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Quarter-End Insights

Asia Markets Underperform in 1Q, but China Advances

Political unrest and the disaster in Japan bog down sentiment.

Asian equities underperformed U.S. stocks as political unrest in the Middle East and North African nations followed by a disastrous earthquake and tsunami in Japan bogged down sentiment.

Year-to-date through March 30, Japan's Nikkei fell 5.1%, while India's Sensex declined 5.9%. Hong Kong's Hang Seng rose 1.8%, while Australia's ASX slipped 1%. Mainland China's Shanghai Composite, however, bucked the largely negative trend to surge 5.3%.

Demonstrations against a long-ruling regime in Tunisia triggered a political revolution in Egypt, where Hosni Mubarak stepped down from 30-year rule, and sparked uprisings in Algeria, Bahrain, Jordan, Oman, Yemen and even Saudi Arabia, with citizens taking to the streets urging democratic reforms and change in government.

Protests against Col. Muammar Gaddafi's regime in Libya saw the military clamp down violently, leading the United Nations to impose a no-fly zone in the country and U.S.-led allied Western forces to carry out aerial strikes.

The conflict in oil-rich Libya sent crude prices surging--Brent crude gained over 23% in the three-month period--leading to concerns of a derailment in the global economic recovery.

On March 11, a devastating earthquake measuring 8.9 on the Richter scale shook Japan and triggered tsunami waves that may have reached up to 30 meters high in some areas. The earthquake crippled several nuclear power plants after cooling systems broke down, leading to a meltdown scare, as Japanese authorities prepared full-scale operations to tame the radiation-emitting power plants.

The events sparked an outflow from risk assets, and the Japanese yen surged to an all-time high against the dollar, prompting intervention from monetary authorities globally.

In Tokyo, automakers were the worst hit as the potential for production losses led to concerns of lower profits. Suzuki declined 7.9%, Mitsubishi Motors was off 13.6%, while Mazda Motor lost 21.9%. Electronics majors  Sony (SNE),  Canon (CAJ),  Panasonic (PC) and Ricoh (RICOY) dropped 9% to 18% for the trailing three months.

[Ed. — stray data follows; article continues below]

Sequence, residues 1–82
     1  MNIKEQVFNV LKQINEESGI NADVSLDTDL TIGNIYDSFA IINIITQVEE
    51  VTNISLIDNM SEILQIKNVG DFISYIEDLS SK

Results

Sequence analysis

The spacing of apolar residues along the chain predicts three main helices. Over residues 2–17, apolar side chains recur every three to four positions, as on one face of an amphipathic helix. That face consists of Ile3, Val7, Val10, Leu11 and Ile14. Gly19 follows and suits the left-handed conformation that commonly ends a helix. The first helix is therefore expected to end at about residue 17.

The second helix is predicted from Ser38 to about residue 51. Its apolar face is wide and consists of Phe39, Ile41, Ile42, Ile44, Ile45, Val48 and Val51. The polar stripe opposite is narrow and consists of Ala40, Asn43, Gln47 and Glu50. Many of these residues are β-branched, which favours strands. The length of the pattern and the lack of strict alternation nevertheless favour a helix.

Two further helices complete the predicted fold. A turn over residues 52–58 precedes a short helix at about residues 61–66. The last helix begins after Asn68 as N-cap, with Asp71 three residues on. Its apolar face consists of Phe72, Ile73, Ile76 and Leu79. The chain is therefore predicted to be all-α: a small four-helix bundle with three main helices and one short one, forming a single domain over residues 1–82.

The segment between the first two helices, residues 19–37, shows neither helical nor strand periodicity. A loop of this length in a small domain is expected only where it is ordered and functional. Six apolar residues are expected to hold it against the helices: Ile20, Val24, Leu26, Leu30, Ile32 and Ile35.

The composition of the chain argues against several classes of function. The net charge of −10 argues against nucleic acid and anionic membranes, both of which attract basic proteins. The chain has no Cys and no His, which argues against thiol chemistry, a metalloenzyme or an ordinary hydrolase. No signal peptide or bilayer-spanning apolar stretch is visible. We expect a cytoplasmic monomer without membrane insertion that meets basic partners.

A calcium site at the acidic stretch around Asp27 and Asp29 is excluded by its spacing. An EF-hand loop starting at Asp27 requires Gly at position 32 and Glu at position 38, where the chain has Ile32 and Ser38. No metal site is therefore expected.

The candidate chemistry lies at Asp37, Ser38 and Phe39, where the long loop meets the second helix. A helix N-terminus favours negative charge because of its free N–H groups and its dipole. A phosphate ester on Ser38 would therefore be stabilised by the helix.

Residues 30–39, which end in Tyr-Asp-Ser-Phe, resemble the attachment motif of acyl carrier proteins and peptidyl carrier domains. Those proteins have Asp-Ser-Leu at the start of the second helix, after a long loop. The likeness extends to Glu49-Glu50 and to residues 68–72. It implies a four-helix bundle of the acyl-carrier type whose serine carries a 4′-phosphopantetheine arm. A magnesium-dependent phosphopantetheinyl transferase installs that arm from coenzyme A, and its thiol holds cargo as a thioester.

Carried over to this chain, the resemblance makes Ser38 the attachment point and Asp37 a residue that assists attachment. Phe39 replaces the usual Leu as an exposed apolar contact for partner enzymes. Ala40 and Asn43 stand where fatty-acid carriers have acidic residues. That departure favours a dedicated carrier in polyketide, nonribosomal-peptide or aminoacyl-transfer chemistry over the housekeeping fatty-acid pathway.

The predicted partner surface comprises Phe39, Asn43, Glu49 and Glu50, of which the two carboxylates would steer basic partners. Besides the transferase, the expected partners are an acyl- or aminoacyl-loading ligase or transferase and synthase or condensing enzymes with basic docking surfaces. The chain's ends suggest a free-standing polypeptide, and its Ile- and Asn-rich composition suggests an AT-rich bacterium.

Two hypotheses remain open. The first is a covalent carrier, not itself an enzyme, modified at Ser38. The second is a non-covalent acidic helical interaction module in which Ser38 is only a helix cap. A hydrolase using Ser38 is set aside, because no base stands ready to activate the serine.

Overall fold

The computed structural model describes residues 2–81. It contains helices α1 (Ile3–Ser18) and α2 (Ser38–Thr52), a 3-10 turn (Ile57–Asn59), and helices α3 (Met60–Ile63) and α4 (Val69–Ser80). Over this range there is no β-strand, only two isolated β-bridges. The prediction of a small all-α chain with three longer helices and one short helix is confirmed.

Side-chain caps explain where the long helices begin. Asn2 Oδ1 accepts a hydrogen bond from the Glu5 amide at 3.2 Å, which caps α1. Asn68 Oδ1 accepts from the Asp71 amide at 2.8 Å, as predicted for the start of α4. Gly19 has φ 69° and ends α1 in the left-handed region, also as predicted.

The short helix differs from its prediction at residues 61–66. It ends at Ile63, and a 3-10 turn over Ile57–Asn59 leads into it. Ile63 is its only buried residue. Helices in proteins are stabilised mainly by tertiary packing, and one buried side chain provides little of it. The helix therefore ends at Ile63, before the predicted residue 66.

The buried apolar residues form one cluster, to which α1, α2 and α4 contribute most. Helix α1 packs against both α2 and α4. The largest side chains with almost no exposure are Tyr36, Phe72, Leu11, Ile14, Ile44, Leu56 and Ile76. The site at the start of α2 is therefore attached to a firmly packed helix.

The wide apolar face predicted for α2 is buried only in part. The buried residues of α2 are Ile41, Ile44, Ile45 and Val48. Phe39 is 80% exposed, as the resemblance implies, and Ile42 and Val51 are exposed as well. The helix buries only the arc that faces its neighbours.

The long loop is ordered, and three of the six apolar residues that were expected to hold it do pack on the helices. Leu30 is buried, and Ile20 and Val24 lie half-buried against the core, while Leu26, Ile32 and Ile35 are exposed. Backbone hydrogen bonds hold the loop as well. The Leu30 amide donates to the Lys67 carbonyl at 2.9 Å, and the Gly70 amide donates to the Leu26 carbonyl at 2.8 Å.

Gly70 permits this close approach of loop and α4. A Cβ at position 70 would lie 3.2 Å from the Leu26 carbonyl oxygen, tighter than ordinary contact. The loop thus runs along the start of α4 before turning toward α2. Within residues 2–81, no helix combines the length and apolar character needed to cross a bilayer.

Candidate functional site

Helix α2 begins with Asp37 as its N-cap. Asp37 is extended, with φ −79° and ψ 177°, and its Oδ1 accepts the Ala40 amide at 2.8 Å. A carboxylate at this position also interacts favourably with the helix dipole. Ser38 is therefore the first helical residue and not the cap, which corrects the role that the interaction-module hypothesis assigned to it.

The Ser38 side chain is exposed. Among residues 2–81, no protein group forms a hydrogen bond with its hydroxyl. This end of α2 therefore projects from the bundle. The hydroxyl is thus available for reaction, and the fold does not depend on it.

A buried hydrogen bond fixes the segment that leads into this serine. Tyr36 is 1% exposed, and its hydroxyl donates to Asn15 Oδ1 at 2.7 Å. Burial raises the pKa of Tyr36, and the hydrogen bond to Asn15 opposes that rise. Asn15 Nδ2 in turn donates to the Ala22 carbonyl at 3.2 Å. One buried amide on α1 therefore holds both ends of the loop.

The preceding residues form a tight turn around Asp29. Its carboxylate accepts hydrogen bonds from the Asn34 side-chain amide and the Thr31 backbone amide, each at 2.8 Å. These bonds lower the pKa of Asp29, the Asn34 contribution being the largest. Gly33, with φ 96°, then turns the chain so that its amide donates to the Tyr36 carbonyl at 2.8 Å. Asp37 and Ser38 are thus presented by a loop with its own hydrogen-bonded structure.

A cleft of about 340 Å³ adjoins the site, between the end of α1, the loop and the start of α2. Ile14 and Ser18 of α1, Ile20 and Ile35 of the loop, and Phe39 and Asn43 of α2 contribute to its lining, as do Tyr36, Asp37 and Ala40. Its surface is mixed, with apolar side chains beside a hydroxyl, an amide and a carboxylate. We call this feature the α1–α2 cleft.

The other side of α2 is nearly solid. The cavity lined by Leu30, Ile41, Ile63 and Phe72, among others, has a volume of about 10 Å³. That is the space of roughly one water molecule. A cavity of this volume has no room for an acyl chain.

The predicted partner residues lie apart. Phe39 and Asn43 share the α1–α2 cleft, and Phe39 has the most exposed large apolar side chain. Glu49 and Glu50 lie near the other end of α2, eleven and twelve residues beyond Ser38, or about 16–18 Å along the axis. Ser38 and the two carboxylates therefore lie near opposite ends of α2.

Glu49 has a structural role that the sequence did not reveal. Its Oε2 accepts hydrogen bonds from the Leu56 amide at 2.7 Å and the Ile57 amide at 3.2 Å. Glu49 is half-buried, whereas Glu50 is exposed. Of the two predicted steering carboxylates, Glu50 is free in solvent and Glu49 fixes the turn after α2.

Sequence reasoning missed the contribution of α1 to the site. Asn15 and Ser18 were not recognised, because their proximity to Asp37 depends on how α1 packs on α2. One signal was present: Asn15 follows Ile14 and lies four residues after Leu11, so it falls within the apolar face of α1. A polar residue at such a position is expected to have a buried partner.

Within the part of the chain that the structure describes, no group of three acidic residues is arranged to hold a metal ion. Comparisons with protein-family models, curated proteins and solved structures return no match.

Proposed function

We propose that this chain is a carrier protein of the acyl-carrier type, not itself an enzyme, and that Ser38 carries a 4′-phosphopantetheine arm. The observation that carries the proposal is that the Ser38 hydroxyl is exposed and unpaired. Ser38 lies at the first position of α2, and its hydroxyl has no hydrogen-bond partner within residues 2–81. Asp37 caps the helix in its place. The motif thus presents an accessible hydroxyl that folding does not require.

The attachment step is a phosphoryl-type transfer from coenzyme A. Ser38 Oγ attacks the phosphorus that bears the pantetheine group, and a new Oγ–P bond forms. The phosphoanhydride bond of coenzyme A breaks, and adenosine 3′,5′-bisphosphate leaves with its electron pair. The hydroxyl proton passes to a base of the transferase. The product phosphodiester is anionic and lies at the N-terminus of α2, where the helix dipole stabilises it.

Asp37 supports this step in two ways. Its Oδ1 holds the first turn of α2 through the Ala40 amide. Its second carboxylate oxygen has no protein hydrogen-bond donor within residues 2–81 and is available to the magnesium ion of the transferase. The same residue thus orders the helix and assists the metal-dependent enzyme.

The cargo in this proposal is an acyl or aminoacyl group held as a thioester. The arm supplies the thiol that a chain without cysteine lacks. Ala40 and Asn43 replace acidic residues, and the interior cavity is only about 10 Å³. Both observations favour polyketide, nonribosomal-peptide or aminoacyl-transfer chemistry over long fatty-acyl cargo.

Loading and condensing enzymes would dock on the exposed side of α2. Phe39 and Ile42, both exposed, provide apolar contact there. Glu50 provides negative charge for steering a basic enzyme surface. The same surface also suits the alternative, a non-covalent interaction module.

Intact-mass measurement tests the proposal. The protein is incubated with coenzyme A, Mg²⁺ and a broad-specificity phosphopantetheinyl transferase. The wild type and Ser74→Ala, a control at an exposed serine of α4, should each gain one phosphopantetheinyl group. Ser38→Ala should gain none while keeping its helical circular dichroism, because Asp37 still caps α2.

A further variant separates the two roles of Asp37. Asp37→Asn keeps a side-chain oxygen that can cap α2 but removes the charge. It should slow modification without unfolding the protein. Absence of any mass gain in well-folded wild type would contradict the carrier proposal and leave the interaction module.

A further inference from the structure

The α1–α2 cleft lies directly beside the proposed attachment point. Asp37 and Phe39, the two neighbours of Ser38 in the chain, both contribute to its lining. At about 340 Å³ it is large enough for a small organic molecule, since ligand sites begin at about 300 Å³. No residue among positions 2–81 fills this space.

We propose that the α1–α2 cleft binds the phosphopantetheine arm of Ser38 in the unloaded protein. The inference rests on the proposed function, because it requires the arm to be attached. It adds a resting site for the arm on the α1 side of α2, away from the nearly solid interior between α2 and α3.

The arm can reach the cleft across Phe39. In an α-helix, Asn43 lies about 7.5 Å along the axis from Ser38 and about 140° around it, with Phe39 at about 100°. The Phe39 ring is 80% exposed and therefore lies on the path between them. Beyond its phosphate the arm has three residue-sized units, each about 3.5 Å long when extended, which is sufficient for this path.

Chinese stocks, however, turned in a robust performance after lagging other key indexes for most of last year as the government appeared to take steps to rein in inflation and excess spending in order to cool down the economy.

Metals major Aluminum Corporation of China rose 15%, realtor Gemdale Corp gained 11%, while China Merchants Bank added 11.1% for the trailing three months.

In India, global cues along with domestic inflationary pressures weighed on the index. Developer stocks declined the most, thanks to a cyclical slowdown in property prices and sales. DLF, Indiabulls Real Estate, and HDIL dropped about 8% each in the quarter.

Telecom stocks were pressured after it was revealed that the previous government had allegedly sold spectrum at below-par rates, causing billions of dollars of losses to the state.

Reliance Communication and Tata Teleservices lost about 20% and 14%, respectively. Property firms DB Realty and Unitech, which had forayed into telecom a few years back and whose names were directly linked to the scandal, erased 36% and 39%, respectively, in the three-month period.

Meanwhile in Sydney, heavyweight miners  BHP Billiton (BHP) and  Rio Tinto (RIO) were roughly flat in the quarter, but in financials, National Australia Bank (NAB) and  Westpac Banking (WBC) climbed over 7% even as the Australian central bank hiked interest rates, a move that showed its confidence in the country's economy.

Nazim Khan does not own (actual or beneficial) shares in any of the securities mentioned above. Find out about Morningstar’s editorial policies.